The Absolute and Egregious Malpractice of the Quinnipiac Poll

by John Sides on April 21, 2010 · 1 comment

in Public opinion

Their headline:

April 21, 2010 – Obama’s Bounce Goes Flat, Quinnipiac University National Poll Finds; But Voters Confident He Will Pick Good Judge

The first paragraph of the press release:

President Barack Obama’s job approval, which bounced slightly to a 45 – 46 percent split March 25 in the wake of his health care victory, has flattened out at 44 – 46 percent, his lowest approval rating since his inauguration, according to a Quinnipiac University national poll released today.

Let’s be clear: I have nothing against the Quinnipiac Poll in principle. As far as I know, their polls are conducted soundly; they once kindly sent me some cross-tabs.

But their description of this “finding” is what the subject line says it is: malpractice. Here is the percent approving of Obama in each of their polls since January:

January 13: 45
February 11: 45
March 25 (pre-vote): 46
March 25 (post-vote: 45
April 21: 44

There is no “bounce. ” There is no “flattening out.” There is nothing but a big fat flat line. It doesn’t make for a good press release, but that’s the truth.

What’s mystifying is that, later in the release, Peter Brown of Quinnipiac says:

The White House had predicted passage of the health care overhaul would boost his fortunes, but that has not been the case…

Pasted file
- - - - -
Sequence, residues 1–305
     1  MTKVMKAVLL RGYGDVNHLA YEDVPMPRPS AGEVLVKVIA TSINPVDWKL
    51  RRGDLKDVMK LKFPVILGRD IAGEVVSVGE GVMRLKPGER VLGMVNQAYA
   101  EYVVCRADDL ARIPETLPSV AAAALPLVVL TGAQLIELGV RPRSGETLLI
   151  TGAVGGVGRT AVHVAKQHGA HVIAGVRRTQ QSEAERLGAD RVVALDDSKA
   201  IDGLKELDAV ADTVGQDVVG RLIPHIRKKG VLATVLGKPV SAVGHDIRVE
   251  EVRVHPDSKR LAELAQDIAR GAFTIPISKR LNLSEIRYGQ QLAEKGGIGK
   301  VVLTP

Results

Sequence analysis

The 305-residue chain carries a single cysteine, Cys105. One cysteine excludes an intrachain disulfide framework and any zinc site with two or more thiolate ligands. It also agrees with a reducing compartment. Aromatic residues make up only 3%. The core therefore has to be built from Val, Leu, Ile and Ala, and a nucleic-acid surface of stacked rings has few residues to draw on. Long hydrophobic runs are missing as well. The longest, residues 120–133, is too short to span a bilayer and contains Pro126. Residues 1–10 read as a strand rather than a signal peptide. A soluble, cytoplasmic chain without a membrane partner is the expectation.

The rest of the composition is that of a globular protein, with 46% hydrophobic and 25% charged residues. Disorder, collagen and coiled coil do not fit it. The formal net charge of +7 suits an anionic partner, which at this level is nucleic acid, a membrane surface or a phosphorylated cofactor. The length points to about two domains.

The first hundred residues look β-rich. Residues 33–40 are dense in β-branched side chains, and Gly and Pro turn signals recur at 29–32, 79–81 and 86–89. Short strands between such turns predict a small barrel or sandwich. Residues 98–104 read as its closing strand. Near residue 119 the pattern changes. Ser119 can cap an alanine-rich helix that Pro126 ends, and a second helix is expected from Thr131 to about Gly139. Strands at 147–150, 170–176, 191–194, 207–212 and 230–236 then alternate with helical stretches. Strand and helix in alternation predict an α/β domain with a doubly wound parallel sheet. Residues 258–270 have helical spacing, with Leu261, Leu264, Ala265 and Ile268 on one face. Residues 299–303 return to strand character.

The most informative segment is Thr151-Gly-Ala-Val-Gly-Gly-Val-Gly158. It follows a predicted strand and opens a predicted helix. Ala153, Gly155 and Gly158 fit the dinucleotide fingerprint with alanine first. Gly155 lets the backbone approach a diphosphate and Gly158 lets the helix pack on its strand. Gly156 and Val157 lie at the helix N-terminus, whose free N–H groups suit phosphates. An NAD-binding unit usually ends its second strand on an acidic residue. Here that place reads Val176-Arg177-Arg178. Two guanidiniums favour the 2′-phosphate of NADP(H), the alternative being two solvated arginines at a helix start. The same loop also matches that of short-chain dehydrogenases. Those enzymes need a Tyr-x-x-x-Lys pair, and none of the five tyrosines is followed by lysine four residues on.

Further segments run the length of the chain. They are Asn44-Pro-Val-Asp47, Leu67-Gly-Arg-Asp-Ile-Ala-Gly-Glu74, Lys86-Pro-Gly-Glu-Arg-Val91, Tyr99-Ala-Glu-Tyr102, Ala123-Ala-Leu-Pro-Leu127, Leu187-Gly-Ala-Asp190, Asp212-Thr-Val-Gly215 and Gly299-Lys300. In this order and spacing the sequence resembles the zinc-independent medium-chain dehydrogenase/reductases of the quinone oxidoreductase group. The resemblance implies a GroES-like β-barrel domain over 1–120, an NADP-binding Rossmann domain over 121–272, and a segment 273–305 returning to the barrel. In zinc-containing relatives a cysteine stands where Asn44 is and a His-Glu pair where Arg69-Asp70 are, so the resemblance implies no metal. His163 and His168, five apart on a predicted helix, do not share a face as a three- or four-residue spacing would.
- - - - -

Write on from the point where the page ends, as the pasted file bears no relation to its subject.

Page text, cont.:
I don’t know what the White House did or didn’t predict, but this statement is correct that there has been no boost. It is completely supported by the flat line in Obama approval. So why not simply make that point without conjuring up some mythical movement in the numbers?

Quinnipiac should retract its press release and issue a statement correcting its error.

The mistakes in the interpretation of poll results—including and even especially by the sponsors of those polls—are far greater than mistakes in the execution of the polls themselves.

{ 1 comment }

William Ockham April 23, 2010 at 5:41 pm

Is it any worse than this article?

http://www.gallup.com/poll/127499/Party-Affiliation-Gap-U.S.-Narrowest-2005.aspx

Given that the poll has +-2 point margin of error, the results given for the quarterly polls are consistent with stable values for all the partisan-leanings except “Lean Republican”. Why do pollsters always treat “gap” measurements has so significant when they clearly amplify the “noise” in polling data?

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